I BOUGHT a TV recently. The first one I've ever bought actually. Not that I'm some sort of anti-TV evangelist, it's just that since leaving home (where my parents owned a TV), I've either lived in share houses where someone else had a TV or with a girlfriend/wife who had one. (Not that having a tele or a selection of other domestic appliances was my criteria for moving in with her...)
The last one I had (TV that is, not girlfriend) was actually a hand-me-down from my parents. So I guess I've been a TV freeloader all my life.
When the subtitles on the DVDs were getting too small to read (even with my glasses on), I realised it was time to bite the bullet and get rid of the old-school tube TV and get a thoroughly modern flat screen thing with all the bells and whistles.
Unfortunately the programming didn't get any better when the screen got bigger.
We've got more channels now with all the digital and HD channels available (and even a couple of radio stations), but there still seems to be the same selection of cooking and singing wannabes, with a panel of judges ready to vote them off.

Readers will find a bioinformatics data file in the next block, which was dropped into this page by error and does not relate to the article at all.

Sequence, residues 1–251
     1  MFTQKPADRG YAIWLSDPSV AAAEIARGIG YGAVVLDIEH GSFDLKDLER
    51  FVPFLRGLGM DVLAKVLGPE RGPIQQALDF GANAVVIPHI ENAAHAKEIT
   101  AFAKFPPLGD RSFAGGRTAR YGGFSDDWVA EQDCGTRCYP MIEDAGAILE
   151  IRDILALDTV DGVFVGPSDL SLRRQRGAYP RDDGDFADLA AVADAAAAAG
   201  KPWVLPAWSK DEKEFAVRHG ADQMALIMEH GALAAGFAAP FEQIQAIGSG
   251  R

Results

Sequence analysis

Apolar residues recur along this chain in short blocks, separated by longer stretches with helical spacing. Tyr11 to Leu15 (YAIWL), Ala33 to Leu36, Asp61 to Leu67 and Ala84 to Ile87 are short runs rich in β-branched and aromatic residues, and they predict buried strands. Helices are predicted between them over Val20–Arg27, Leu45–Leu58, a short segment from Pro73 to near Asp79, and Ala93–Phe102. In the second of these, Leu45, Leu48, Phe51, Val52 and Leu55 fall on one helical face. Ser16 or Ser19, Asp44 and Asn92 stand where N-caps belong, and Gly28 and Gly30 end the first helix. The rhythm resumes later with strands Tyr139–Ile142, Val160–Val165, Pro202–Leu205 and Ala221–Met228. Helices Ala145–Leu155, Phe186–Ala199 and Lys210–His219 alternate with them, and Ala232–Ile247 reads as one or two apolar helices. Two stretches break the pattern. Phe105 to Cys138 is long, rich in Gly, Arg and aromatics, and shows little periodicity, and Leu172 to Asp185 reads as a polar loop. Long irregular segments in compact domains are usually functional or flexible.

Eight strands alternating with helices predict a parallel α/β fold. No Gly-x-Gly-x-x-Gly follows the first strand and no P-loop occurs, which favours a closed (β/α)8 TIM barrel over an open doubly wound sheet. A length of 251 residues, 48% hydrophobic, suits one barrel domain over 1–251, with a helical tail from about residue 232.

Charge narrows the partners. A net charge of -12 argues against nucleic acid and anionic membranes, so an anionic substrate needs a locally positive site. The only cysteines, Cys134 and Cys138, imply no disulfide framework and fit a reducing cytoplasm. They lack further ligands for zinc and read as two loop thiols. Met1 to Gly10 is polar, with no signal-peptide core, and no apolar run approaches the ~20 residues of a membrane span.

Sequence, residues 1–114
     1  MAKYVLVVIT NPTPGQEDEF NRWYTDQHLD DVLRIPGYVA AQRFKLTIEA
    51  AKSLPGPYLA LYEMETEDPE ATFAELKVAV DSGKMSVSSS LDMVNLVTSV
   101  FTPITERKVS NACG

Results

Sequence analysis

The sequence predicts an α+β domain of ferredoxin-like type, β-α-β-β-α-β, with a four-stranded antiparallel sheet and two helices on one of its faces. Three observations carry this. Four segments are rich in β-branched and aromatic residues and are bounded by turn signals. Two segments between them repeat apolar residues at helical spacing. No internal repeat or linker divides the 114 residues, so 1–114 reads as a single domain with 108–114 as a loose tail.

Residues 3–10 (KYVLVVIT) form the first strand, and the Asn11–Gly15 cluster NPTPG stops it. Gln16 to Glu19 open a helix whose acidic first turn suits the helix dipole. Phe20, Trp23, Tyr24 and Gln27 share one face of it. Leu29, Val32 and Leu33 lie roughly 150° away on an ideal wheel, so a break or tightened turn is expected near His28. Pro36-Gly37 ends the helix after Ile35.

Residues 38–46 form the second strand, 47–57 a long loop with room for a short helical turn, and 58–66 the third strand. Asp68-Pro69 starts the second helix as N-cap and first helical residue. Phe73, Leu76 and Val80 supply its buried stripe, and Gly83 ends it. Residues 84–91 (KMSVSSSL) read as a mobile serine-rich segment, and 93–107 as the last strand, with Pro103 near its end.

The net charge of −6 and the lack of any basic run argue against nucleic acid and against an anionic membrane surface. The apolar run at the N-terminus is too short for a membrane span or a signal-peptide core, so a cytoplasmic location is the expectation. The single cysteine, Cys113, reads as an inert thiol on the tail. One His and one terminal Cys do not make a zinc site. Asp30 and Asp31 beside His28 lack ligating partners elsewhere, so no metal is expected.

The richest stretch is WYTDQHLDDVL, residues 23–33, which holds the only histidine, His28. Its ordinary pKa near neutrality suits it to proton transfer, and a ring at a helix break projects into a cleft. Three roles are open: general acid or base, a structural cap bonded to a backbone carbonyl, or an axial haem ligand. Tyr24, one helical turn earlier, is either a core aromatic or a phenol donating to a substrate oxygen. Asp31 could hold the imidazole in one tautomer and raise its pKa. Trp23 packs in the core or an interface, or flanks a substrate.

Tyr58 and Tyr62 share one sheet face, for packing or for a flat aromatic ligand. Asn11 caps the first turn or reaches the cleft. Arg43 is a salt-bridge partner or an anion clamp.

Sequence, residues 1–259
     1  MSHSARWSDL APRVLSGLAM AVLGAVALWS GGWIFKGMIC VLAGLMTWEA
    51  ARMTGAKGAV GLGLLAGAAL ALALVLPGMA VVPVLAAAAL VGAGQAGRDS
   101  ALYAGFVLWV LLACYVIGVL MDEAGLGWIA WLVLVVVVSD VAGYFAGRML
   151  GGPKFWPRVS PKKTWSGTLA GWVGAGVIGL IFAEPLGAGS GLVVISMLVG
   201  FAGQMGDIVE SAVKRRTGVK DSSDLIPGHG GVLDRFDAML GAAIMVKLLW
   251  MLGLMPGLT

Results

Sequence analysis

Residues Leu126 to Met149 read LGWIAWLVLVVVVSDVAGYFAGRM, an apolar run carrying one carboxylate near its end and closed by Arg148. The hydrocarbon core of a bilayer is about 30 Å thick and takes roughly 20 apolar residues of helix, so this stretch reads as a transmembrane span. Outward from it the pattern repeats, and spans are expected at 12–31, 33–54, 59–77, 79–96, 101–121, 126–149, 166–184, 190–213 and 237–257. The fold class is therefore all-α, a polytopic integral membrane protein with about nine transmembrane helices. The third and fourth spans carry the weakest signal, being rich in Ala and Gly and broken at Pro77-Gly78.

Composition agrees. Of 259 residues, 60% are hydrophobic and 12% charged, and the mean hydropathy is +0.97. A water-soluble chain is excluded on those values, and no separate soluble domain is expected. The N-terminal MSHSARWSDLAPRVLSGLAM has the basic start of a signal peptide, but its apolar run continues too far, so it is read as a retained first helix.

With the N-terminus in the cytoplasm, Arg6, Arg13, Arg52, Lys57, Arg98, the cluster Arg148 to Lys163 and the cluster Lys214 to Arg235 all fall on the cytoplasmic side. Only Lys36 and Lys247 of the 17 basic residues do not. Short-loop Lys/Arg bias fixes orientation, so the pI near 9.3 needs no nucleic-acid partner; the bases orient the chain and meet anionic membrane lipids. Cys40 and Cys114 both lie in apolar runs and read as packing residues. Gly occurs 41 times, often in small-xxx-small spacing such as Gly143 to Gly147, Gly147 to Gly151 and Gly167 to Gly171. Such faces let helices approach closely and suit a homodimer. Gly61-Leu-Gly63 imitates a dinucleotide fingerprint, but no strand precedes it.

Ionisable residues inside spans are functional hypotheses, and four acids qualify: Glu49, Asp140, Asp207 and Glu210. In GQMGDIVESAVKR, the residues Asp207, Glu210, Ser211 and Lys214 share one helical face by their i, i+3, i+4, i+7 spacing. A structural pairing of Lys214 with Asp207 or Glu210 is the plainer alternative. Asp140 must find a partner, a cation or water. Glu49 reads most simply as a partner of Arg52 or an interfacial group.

But at risk of sounding like a mouthpiece for the ABC's marketing department, I would like to share with you a discovery that my kids and I absolutely love, that has just returned for a new season on ABC3.
It's called Deadly 60 and is produced by the BBC's Natural History Unit. This is the home of the world's best nature documentary makers, but Deadly 60 has completely re-invented the format to make it accessible and exciting for adults and kids alike.
The host Steve Backshall is a cross between Steve Irwin and David Attenborough - it's all action and adventure watching him get to some of the remotest places on Earth, but his knowledge of the animals they are filming is second to none.
He talks to his crew, who are often in shot, and you get to see how they go about making the program within the program itself. The editing and graphics look like they come from an extreme sport video and Steve's enthusiasm is contagious.
The format is simple: to find and film the deadliest animals on the planet. Not just those deadly to humans, but to their prey.
And while sitting in the comfort of our couch, watching our flat screen TV, the kids and I share some quality time and learn an incredible amount about the animals featured in each episode.
It was worth buying our new TV just to watch that show.
I wonder what the other channels are for?